With a shift towards more pervasive life-logging—from Google Glass to Evernote—there may be a risk of having more memories at our fingertips and fewer in our head. This is not inherently negative, particularly if off-loading the cognitive load of some memory storage and retrieval permits more high-level thinking, but it is something that should involve deliberate decision-making with a more complete understanding of the trade-offs.
Perhaps the most significant unresolved question is what happens to the high-level reasoning involved in making novel connections between facts when those facts are not stored in “bio-memory.” Having digitally recorded a Magritte painting concerned with connecting the written word with an object, and knowing that Ong wrote about the disconnect between the written word and an object, how many specifics do I need to know personally to bring these two data points together? Will seeing the Magritte remind me that I need to do the web search to find the relevant Ong passage, or will I fail to make the connection? Just how much memory can be offloaded before it impacts the creation of novel ideas.
Finally, as Sherry Turkle recently discussed in the New York Times, the taking of the photograph interrupts an experience. Interrupting an experience is not always detrimental, but museums have typically been designed to increase ones focus on the exhibited work.
Attending a museum exhibition with a friend will also lead to its share of interruptions, but such interruptions will typically focus on what is being immediately experienced. As taking a photograph so often means reaching for the phone (and its embedded camera), the action potentially exposes the photographer to a host of notifications unrelated to the experience. The art in front of the patron becomes one more tab in a figurative browser, with the patron encouraged to multitask between Facebook comments, Instagram “loves,” and tweets. The cognitive costs of this type of multitasking have been well documented and seems detrimental to the deep focus needed to appreciate many works.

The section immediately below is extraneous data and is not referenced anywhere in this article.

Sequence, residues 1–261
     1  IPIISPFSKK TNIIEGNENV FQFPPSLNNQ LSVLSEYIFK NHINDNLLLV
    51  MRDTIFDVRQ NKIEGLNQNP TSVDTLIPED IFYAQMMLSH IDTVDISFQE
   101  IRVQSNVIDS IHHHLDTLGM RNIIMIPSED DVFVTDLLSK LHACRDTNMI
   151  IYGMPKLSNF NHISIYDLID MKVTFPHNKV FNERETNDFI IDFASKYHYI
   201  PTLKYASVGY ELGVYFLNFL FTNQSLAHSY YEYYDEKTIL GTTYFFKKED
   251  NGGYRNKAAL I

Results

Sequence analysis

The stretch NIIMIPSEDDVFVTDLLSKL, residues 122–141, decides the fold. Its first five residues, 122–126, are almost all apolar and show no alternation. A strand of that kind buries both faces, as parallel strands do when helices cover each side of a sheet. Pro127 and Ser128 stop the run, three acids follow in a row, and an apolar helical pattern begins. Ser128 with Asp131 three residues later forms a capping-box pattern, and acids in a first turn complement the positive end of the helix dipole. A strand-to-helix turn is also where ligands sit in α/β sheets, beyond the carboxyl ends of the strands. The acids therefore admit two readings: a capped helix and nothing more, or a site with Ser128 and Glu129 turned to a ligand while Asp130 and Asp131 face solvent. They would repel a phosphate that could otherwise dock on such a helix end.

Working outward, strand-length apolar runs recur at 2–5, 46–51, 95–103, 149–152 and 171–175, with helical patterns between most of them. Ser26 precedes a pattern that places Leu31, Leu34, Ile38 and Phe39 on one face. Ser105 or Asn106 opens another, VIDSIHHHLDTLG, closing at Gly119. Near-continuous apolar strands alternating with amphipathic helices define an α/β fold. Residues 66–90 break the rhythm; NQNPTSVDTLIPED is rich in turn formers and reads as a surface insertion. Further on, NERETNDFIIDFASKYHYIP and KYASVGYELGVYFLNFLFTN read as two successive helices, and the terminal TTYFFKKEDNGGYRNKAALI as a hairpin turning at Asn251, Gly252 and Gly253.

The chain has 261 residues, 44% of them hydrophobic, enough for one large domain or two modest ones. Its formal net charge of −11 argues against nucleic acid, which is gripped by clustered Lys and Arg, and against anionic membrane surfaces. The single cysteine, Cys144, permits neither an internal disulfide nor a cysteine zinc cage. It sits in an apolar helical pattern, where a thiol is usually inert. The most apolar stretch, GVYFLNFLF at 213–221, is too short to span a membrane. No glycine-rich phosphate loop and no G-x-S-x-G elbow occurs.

All of the above should be taken with one tremendous caveat. Many of the people at the museum do not take pictures of the art. The average museum-goer notoriously spends little time looking at individuals pieces (the Detroit Institute of Art found visitors were spending an average of less than three minutes in a gallery, even after omitting data from any patrons who spent less than a minute in the gallery). Obviously, there is a high standard deviation here, with some people spending considerable time viewing a piece. Are the photographers generally people who would deeply engage with pieces rarely regardless of the camera, or does this cut across styles, with more serious devotees of art creating an inspiration book that undermines their memories and potentially their connections to that which is meant to inspire them?
Are my concerns overblown? Is there research out there relevant to these concerns that I haven’t included here? Share your thoughts in the comments.
Taking Pictures (Caillebotte) captured by Nicholas Knight